Garrya elliptica is an evergreen shrub suited for growing against walls or fences. The catkins (tassels) are produced in profusion from mid-winter through until early spring. Once seem in flower, you will realise how it gets the common name of Silk Tassel Bush. Male and female catkins are on separate plants. It is said that the female flowers are more attractive than the male - though the male catkins are normally longer. On a well grown bush, the male catkins can be 4in long. I have seen them nearer to 6in.
How do you tell if it is male or female? The male catkins will have pollen - the female plant will have little brown berries!
Garrya looks best in a sunny position, but will do well in part shade. For me, it always looks best when it can be blessed by any winter evening sun, as happens from time to time. This really brings the catkins to the fore, instead of just blending in in the winter gloom.
If Garrya elliptica were to flower in mid summer rather than the depths of winter, it would not be as important a shrub - other than for its evergreen wall screening ability. However, in mid-winter - and this one was photographed on a very cold January 1st - it makes for a spectacular addition to the winter garden. As the male flowers mature, they show signs of pale yellow pollen, which adds to their beauty.
The Silk Tassel Bush is really best against a wall or fence, though it will also grow as a free standing large shrub in a border - or even a lawn centerpiece, for it can be base planted with other interesting plants for the summer months. If it is to be planted in an 'open' situation, then it would requite a sheltered spot.
Garrya eliptica is generally hardy, though can suffer setback in severe winters. Together with this it is prone to wind scorch of the evergreen foliage, though this seems not to affect the health of the shrub overall - just unsightly.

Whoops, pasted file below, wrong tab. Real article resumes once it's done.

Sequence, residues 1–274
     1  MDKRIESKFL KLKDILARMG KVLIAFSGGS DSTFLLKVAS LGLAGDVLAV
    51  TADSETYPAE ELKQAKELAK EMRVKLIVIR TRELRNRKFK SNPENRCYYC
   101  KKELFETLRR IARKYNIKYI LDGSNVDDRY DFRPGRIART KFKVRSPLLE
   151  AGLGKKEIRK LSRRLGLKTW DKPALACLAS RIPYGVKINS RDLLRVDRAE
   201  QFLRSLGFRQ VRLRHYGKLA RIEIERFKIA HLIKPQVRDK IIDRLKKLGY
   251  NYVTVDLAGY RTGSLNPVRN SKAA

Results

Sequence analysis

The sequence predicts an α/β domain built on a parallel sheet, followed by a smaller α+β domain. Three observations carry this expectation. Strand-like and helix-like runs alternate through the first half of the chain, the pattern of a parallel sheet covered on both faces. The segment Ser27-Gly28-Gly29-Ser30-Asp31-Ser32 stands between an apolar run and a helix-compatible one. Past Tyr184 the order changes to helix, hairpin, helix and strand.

Seaside planting is not a problem, for it will withstand salt-laden winds, and as with several other shrubs and trees, seem to cope better with coastal winds that inland winds.
Garrya will grow in a wide range of normal garden soils, but will not tolerate prolonged waterlogging in the winter months. It will grow on clay or sandy soils, and anything in between. The main requirement being free draining.
Disfiguration of the foliage from severe wind scr\orch can be unsightly if grown in exposed situations, but rarely a problem when grown against a wall.
The leaf scorch should not be confused with the fungal disease 'leaf spot' which frequently occurs. Preventative treatment with a fungal spray is best idea.
After the catkins, you will have a grey-green evergreen for the rest of the year!
Seed - if it can be obtained, should be sown in autumn - in a cool place and allowed to overwinter, with some germination happening in the following spring. It required a cold few months to break the seed dormancy, and aid germination, so do not keep in heated propagator.
Semi-ride or ripe cuttings have always worked well for me with Garrya elliptica - simply put three or four in pot of rooting compost, and leave in cold-frame for the winter months. If there has been no rooting by mid spring, and the cutting still seems healthy, then they can be placed in a position where they can receive gentle bottom heat.